Tuesday, May 17, 2011

Going with the Flow...


Or the not-so flow, that is.

It happened while I was brushing my teeth. The water was only trickling out of the faucet so I yelled to Scott with mouth full of toothpaste to turn on the water pump.

"It is on", he replied.

Uh oh.

That's right, our fresh water pump decided to say farewell. Adios! Adieu!

What does that mean, you ask? Well - imagine not having any running water in your home.  It's like that.  Luckily, living on a boat means you assume situations like these - so there are built-in redundancies like solar showers and hand pumps and jerry cans to get you by in the interim.  But not having running water sure makes life different.

Try washing your face, for example, with one hand while you operate a hand pump with the other.  One little hand does not hold a lot of water and the whole ordeal is reminiscent of an Abbot and Costello sketch.  Brushing teeth is not so bad - but washing your sticky, drippy hands after devouring a delicious, juicy mango becomes a comedy of errors as well.  Showers are a little more tricky too - instead of just holding a wonderful nozzle over our heads, we must fill and hoist our solar shower and try to balance it just so with the rocking of the boat while dancing underneath the trickle of water so that none of it gets wasted.  Dishes - ugh - don't even get me started.  Let's just say I'm cooking very clean, simple meals and we're eating off paper towels when we can.  Running water goes right up there with sliced bread in terms of things that made life just a little bit better.

One of the "perks" of living on a boat is that almost always you get to fix problems yourself!  When something goes wrong, you don't just call the electrician, the plumber or the serviceman.  Oh no!  It's not that easy!  There are no 800 numbers nor is there any directory assistance out here.  Ninety percent of the time - you have to fix things on your own, which is why we carry an arsenal of spares for just about every system we have.  Living on a boat you learn, very quickly, how to become self-sufficient in this regard.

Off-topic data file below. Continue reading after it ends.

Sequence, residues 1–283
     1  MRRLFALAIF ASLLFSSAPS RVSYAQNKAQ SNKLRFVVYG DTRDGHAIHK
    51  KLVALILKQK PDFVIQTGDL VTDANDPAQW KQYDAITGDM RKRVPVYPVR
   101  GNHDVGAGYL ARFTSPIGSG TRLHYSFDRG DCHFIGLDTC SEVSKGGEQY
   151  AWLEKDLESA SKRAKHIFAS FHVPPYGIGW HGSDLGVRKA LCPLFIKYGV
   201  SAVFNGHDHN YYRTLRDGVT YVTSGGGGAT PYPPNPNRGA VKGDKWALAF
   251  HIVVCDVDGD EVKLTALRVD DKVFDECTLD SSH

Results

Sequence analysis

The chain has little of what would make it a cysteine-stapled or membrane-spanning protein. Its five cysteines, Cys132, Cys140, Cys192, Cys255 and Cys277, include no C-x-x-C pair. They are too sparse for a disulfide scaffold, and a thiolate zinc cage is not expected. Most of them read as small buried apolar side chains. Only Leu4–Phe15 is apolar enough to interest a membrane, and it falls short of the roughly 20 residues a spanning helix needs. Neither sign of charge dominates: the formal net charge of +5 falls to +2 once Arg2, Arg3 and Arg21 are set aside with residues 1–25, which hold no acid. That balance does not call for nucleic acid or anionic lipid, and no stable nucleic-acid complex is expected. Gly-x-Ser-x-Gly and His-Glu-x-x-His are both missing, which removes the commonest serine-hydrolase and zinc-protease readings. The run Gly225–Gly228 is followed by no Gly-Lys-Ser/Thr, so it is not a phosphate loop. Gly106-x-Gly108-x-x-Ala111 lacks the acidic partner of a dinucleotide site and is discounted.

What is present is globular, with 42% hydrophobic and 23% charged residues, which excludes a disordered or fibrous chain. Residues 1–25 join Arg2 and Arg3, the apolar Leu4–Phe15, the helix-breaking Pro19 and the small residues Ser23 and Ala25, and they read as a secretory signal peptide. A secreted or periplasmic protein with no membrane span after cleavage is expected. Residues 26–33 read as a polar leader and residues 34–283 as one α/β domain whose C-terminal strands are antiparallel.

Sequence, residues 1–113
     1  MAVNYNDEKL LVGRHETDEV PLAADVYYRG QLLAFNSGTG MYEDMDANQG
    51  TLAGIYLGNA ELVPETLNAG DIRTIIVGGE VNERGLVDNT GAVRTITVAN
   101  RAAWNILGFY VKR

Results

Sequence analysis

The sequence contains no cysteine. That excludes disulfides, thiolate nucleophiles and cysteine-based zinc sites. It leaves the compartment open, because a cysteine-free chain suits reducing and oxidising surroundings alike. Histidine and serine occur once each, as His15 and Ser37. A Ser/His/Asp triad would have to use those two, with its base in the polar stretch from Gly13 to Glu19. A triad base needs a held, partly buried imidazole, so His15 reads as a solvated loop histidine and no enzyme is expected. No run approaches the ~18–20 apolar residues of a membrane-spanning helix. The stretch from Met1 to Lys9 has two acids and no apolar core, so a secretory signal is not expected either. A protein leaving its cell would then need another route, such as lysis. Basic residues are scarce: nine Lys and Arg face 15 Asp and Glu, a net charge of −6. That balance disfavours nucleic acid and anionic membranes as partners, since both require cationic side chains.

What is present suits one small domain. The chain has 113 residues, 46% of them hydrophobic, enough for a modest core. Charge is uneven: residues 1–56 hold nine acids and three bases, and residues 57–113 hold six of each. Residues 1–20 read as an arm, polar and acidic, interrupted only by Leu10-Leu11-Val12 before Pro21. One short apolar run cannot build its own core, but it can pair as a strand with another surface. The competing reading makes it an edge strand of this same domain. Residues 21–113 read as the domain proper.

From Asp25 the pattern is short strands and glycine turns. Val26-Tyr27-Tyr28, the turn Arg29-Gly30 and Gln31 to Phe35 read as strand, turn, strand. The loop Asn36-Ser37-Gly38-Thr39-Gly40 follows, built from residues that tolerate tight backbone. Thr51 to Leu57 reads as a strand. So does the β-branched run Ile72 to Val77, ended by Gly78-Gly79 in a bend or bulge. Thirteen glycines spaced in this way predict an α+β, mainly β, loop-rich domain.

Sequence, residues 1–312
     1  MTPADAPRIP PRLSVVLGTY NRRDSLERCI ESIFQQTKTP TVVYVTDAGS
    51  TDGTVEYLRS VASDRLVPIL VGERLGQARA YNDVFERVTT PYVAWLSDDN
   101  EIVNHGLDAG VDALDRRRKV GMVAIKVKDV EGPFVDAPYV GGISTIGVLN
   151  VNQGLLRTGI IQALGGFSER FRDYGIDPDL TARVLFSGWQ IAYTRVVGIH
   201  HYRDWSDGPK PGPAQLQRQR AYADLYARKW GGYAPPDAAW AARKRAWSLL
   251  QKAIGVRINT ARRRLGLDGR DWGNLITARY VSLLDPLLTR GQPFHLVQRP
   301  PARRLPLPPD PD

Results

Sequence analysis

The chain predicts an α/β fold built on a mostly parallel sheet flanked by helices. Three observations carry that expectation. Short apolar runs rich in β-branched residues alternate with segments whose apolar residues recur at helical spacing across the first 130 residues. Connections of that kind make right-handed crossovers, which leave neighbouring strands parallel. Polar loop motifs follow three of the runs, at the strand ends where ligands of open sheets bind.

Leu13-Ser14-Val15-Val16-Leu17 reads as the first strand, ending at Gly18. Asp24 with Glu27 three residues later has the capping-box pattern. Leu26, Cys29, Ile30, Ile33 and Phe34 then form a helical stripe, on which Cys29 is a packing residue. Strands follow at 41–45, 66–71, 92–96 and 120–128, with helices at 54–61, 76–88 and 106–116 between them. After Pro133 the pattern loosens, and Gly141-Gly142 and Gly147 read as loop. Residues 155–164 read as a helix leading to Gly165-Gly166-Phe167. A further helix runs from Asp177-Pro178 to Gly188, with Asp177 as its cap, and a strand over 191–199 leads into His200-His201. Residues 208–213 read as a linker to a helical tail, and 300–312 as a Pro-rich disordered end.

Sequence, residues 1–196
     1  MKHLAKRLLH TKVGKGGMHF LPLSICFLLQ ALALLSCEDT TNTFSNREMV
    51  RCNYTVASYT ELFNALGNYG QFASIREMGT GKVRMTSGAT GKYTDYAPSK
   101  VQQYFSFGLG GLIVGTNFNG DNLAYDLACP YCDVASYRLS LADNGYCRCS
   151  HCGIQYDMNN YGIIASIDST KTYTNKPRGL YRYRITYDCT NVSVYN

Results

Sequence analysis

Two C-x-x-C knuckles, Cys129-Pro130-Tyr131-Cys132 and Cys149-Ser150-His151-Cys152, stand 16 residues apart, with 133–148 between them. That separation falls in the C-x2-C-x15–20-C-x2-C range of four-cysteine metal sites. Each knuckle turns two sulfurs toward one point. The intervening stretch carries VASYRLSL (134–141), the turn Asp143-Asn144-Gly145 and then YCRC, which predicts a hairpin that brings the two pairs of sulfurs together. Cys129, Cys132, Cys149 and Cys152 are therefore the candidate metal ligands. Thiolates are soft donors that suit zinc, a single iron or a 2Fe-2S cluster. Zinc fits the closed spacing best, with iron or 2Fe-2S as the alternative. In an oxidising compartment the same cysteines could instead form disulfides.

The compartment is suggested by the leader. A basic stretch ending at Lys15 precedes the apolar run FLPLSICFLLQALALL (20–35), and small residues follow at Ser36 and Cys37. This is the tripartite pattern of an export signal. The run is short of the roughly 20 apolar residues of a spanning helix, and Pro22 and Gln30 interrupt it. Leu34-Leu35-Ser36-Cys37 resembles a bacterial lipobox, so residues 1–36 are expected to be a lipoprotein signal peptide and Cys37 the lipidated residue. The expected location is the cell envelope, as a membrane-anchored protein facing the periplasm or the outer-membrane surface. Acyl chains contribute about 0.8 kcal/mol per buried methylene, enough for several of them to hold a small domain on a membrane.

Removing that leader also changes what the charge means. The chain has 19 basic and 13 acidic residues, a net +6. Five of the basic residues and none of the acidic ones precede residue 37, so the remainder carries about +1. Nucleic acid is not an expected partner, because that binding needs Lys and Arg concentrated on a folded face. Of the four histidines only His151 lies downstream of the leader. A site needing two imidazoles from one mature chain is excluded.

This is what we signed up for.  This is life on a boat.  Things break, parts corrode, sails tear, motors stop and water gets in - the key is to try to stay ahead of it all or, at the very least, be prepared for it when it happens (because if it can, it will happen).  And when it does happen, you need to be ready to go with the flow (or lack thereof) until you can fix whatever it is that went wrong.  If that means looking like a fool while washing your face with one hand or switching up your routine a bit - so be it.

Our poor little solar shower was looking like it was feeling neglected, anyway.

Love,
Brittany & Scott

2 comments:

Willa said...

Great post - love the last line - the neglected solar shower.

Duff said...

If you get a chance while in the Leeward Islands to go to Babuda, it was an unspoilt island where the people are friendly. We stayed along the sand spit, inside the reef (very peaceful). You can drag the tender over the sand spit, cross the lake to go into the town.

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